The smallest words in the English language are often the most significant, such as YES and NO, or IF and BUT. Jesus teaches us to say YES when we mean YES and NO when we mean NO. All else is window dressing.
Here in the Gospel today Jesus re-iterates the Jewish teaching regarding the greatest commandment of all – when we get down to brass tacks, the bottom line, when we cut to the chase.... What is the bottom line? What is the last word? We want brevity and clarity and simplicity, for guidance and direction. Short is sweet. The moral precept of the Law fulfilled in Jesus is simple, direct but with many implications.
To love God with all your strength, heart and mind
To love your neighbour as yourself
Those are the ‘simultaneous equations’ as it were.
The two smallest yet vital words that apply to our relationship with God and neighbour have to do with the measure of love or respect due to them.
In relation to God the word is ALL – our strength, our mind, our heart, our will
In relationships with others the simple yet profound word is AS – to love our neighbour as ourselves, or in other words, the Golden Rule – treat others as you yourself would like to be treated.
Like all legislation, the devil is in the detail - it is all very well we might say to boil it down to one thing, when ‘all is said and done’, in the here and now, or ‘at the end of the day’ – the words we find hard to swallow are ALL and AS. It is a mission statement, a plan for life, the blueprint, the writing on the wall.
Of course many of us live lives that fall short of ALL or AS. Instead of ALL in relation to God, we use the phrase – unconsciously – ‘some’ – some of our heart, strength, will or mind (and some of the time). That is the way to Purgatory. But the worst choice of all is for someone to consciously and deliberately employ the word NONE in relation to God and it is the way to hell.
As we commemorate our dead – ‘those gone before us with the sign of faith’ in the Month of November, we begin the month with the Feast of ALL SAINTS – those for whom ALL in relation to their love for God became the only option, and the best and only way, by the grace of God, open to them. As we remember to pray for the Holy Souls too we realise that the word SOME applied to them. Theirs, often like ours, was a love that was partial and incomplete - a love that was somehow lacking in perfection.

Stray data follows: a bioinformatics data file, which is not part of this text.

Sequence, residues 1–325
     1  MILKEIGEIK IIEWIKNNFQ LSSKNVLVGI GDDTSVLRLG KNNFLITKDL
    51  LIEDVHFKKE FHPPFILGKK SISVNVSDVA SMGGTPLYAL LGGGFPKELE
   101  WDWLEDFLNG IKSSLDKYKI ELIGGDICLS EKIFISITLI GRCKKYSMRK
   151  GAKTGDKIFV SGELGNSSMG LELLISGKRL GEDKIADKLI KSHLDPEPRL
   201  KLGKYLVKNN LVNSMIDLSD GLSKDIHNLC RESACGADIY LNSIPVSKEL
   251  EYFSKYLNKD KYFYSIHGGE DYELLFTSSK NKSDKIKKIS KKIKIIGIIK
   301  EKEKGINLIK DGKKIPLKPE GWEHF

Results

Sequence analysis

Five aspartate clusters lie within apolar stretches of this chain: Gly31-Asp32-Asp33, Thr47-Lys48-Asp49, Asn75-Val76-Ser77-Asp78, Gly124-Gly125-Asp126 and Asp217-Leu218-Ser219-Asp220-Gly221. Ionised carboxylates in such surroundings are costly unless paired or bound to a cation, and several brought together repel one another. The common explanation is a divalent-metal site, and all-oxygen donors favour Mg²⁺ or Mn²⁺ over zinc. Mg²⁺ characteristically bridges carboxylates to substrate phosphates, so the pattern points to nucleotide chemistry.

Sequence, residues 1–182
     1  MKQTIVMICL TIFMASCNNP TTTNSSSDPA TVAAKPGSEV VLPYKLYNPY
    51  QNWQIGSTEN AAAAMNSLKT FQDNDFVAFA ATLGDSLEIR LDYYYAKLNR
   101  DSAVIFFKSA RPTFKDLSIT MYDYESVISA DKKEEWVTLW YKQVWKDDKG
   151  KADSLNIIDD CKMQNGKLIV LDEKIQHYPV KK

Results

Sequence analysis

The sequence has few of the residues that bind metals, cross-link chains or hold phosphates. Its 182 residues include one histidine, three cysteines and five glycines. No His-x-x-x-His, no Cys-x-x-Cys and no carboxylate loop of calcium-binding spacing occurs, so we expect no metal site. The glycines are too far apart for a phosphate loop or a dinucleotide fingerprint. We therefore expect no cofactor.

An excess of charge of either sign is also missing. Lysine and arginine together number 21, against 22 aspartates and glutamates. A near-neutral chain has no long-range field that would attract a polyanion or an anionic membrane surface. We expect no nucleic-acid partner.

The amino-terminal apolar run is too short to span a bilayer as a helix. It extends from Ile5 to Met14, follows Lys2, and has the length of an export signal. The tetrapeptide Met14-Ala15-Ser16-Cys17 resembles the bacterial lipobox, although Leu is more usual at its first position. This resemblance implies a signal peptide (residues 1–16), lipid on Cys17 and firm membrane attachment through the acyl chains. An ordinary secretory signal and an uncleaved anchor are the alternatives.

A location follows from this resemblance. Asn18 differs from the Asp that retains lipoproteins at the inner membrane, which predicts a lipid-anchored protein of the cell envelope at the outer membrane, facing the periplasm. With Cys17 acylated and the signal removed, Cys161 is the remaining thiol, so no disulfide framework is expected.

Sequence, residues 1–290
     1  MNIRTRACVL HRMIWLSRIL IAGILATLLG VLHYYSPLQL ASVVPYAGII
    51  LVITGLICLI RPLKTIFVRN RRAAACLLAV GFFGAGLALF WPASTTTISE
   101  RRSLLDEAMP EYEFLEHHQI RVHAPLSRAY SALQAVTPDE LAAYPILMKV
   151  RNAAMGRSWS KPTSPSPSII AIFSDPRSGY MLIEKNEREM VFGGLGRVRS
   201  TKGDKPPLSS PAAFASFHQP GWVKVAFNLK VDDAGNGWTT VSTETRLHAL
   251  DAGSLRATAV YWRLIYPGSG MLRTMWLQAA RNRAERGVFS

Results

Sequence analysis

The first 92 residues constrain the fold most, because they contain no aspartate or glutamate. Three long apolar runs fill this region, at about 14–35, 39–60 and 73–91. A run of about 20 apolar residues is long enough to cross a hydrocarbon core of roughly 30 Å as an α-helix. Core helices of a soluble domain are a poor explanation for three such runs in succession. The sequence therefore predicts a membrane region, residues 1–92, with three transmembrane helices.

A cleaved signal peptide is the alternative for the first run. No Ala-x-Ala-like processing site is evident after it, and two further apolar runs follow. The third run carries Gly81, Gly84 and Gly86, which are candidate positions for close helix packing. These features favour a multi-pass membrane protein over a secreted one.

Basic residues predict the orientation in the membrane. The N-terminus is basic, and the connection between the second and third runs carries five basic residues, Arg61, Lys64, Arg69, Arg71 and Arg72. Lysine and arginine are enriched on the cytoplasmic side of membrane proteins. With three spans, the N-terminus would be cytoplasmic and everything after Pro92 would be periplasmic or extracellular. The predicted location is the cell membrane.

As for love of our neighbours as ourselves, instead of saying AS we may imperfectly love and unconsciously employ the term ‘AS IF’! Our love for them – and maybe their love for us - is not yet ‘truly heroic’; it is often sporadic, disjointed, and inconsistent, full of good intentions but not persevering, inconstant – in thought, judgment, word, action and omission.
Why is this a problem for us? Because ‘AS’ challenges us to love others as much as we love ourselves. But we end up loving ourselves more. As Scott Hahn put it: ‘I may not be much but I’m all I think about!’ we are called to put others’ concerns on at least an equal par to our own. Our three loves are God, others, self –or as I have said elsewhere : Jesus, Others, You –which equals JOY.
But we struggle to get that right.
Jesus is the prime example of love because GOD IS LOVE.
No greater love has man that He lay down his life for his friends.
ALL and AS are, as it were, etched into both sides of the coin of love as God intended us to live it– the coin we cannot keep to ourselves. Let these words be written on our hearts
Jesus wants us to love, and love is at once free and yet costs us a great deal, because true love involves commitment, and to commit oneself to love is to sacrifice oneself and most of all implies that we need to forgive and move on – so love costs. It is therefore a case of ALL or nothing.
Love – heaven – the place of true and everlasting love – costs nothing less than everything. It is where the saints want us to follow, it is where the Holy Souls are destined to go in all certainty. The way of love begins now, today. Let us begin again. Heaven cannot wait.